I'm not a doctor but…
Cycling injury, recovery and health issues.
The information / discussion in the Cycling Health Forum is not qualified medical advice. Please consult your doctor.
7 posts • Page 1 of 1
Almost 3 years ago, had a myocardial infarction, got a cornary stent and a cocktail of drugs to take for the rest of my life, including beta blockers (currently Atenolol-GA).
Beta blockers slow the heart rate, the effects vary depending on the time of day (time since taking the tablets) and amount of exercise I have done.
Best explanation is my maximum heart rate:
1 hour after taking my tablets, my max HR is 140
After riding for an hour my max HR is 150
8 hours later my max HR is 160
This has been fairly consistent for the past couple of years.
I have just started racing this season, 8 races so far, and have noticed my HR in the final sprint, getting higher, it hit 175 yesterday, which is getting close to my pre heart attack max HR of 182. The only time my HR has been above 162 in the past 30 months, has been at the end of races.
My cardiologist is happy with my riding, but does not know I race (unlike my GP) but would probably encourage me, as long as I didn't beat him.
I would like to know if anybody else is racing on beta blockers and what their HR is like sprinting at the end of the race.
I thought the purpose of beta-blockers was to lower BP by reducing the HR. Racing doesn't seem to meet that goal, my BP increases from ~120/75 to ~170/90 at max effort (stress test just last week).
Sent from my GT-I9100 using Tapatalk 2
I ride, therefore I am.
...real cyclists don't have squeaky chains...
In your situation the heart recovery rate is something that I would be checking, as this provides a reasonable indication of heart health, and would provide some indication whether or not a hard sprint home in a race is likely to be causing problems.
As far as I'm aware the goal is a reduction in heart rate of at least 20 to 30 beats one minute after stopping strenuous exercise..........30 to 40 would be better.
I have data from the two minutes after the three races where my HR exceeded 170 in the sprint, my HR drops 25 in the first minute, and then another 20 in the next minute. At this time I am still out on the bike turning the legs over at decent cadence but low power to clear the lactic acid out of my muscles.
My post race ride homes are back to my regular afternoon, max HR.
I am interested whether the increased heart rate i experience at the end of a race, is "normal" for beta blocker users.
I don't take beta blockers, but I would say that your findings are normal. As someone else mentioned beta blockers lower BP or regulate Heart rhythm by slowing down your HR. They rely on your dosage and time of dosing. Have your races been later in the afternoon? (that could explain higher max HR) otherwise the return to normal HR in such a short time is good. If it takes a long time to return to resting HR then you need to be worried. This would mean something/where in your body isn't getting enough O2 and your heart is trying to compensate by going harder for longer. It's good to give your vascular system a workout with short periods of high HR and increased BP. (Within reason of course)
As far as your increasing max HR is concerned, if there are no other causes (different times etc) then flip it to your GP. I'm sure they'll have fun trying to figure it out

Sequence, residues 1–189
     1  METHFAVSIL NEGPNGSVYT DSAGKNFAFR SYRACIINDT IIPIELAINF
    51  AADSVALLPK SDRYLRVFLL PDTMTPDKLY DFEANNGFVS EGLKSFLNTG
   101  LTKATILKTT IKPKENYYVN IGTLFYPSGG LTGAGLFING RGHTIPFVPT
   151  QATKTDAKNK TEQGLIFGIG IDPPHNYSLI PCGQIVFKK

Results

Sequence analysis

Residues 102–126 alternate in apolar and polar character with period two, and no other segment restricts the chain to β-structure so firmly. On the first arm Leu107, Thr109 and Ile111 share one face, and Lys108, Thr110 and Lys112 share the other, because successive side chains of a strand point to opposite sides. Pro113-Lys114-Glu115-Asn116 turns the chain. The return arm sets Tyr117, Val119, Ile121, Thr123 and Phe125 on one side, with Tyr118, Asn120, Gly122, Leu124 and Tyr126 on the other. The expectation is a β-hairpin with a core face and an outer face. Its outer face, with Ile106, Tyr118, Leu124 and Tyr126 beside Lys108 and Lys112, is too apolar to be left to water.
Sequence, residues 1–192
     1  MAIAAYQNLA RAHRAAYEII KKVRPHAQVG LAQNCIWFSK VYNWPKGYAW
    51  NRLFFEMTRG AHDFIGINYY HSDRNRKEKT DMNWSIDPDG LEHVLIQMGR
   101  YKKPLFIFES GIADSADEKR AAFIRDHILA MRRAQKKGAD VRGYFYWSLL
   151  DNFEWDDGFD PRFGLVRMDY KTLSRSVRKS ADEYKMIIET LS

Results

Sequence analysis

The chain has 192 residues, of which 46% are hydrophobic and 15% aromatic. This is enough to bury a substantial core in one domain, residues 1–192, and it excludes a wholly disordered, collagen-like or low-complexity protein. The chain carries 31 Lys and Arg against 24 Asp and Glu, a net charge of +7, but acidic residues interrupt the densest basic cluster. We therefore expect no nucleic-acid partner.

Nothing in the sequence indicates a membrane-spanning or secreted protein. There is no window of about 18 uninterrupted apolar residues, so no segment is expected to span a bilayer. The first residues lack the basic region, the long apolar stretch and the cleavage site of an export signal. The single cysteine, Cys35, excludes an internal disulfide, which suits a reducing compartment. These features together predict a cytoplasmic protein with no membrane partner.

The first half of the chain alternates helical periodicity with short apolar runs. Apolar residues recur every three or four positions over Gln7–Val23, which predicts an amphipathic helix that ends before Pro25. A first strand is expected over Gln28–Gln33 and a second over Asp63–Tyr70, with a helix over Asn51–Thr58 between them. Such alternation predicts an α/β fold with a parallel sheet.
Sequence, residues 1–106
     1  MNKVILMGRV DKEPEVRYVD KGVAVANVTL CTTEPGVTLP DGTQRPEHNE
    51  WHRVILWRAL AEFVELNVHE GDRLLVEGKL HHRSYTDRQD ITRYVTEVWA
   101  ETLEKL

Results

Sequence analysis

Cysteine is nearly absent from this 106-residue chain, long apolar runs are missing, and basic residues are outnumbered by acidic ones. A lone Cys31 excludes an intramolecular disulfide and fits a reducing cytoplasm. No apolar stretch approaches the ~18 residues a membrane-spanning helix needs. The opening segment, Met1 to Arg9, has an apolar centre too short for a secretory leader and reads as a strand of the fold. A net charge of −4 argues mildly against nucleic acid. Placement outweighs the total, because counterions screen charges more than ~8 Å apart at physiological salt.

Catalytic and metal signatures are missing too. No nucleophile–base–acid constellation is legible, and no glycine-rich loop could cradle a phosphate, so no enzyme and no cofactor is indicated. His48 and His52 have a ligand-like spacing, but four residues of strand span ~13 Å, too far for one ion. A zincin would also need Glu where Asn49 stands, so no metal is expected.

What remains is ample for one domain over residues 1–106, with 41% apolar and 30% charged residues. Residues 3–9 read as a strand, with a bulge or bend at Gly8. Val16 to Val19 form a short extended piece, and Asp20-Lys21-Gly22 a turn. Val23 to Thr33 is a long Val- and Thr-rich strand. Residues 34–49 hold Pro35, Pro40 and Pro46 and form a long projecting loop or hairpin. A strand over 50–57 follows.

I had a stent in LAD artery in 1996 at age 48. I had no symptoms, but was referred for a stress test due to family history. A 95% blockage was rectified with a stent. I have been taking Atenolol (APO) 25mg since that time. I resumed cycling in 2002, and used a HR monitor for a couple of years. The only use it served was to amuse my mates by displaying a heart rate considerably lower than they had. They might be recording HR 150, and I had 120. I got sick of wearing it. I have a stress echo every year as a precaution.
Cycling wise, I have been competitive with almost every one of my age, and lots of younger people, and completed the Grafton to Inverell at ages 58,59,60,61,62. Plenty of long steady miles , and plenty of hills has suited me.
To complete the picture, I take prednisone and celebrex to counter PMR, and crestor with ezytrol to control cholesterol. Half an aspirin daily.
I had a TUE from CA for the Atenolol, a banned substance, but that is another story. I'm not sure what they were doing, and I'm sure they did not know either.
Any questions, feel free to ask.
I checked before I started racing https://checksubstances.asada.gov.au/, Atenolol is only banned for sports that involved shooting and other sports were a low heart rate would be an advantage. So I assume it was some time ago or CA got it completely wrong.
Yes it does freak out fellow riders, out riding one day friend
him "I saw an interview with Robbie McEwen, his training rides are at 35kmh with a HR of 120"
me "So how fast are we going"
me "what is your HR"
me "mind is 120"
note it was in the morning and we did have a slight tailwind
Ignoring all other factors, during a race my max HR is around 160, my average HR is 140-145, my HR maxes out at 155-160 when attacking/chasing a breakaway/hammering a hill. But after an hour of racing my HR lifts to around 175 for the final sprint (or when I chased down an attack on 5km out)
My question is do other people who race on beta blockers, get this "extra boost" as I see it?
Because when I discuss it with my doctor, I would like to say if this happens with other people.
I am not worried about it, as once I finish a race my HR returns to normal and if I ride home and attack my usual hill sprints, my HR is typical afternoon HR for those climbs.
7 posts • Page 1 of 1
Who is online
Users browsing this forum: No registered users